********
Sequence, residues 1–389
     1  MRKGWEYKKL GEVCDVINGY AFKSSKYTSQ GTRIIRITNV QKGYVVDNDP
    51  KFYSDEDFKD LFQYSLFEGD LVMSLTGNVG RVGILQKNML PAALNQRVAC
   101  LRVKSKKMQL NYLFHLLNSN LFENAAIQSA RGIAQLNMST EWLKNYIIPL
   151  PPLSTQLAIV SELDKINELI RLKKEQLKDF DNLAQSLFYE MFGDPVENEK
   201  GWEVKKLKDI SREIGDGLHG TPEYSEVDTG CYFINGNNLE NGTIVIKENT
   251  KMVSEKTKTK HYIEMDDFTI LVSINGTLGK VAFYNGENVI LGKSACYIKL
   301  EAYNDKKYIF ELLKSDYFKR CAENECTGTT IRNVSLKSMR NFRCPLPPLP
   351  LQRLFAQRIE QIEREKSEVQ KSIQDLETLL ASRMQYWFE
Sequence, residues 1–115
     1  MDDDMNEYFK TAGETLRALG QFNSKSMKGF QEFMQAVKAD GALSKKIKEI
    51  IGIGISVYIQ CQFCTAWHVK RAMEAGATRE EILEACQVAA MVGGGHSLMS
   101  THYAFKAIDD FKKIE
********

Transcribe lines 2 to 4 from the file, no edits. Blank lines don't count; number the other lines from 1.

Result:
     1  MRKGWEYKKL GEVCDVINGY AFKSSKYTSQ GTRIIRITNV QKGYVVDNDP
    51  KFYSDEDFKD LFQYSLFEGD LVMSLTGNVG RVGILQKNML PAALNQRVAC
   101  LRVKSKKMQL NYLFHLLNSN LFENAAIQSA RGIAQLNMST EWLKNYIIPL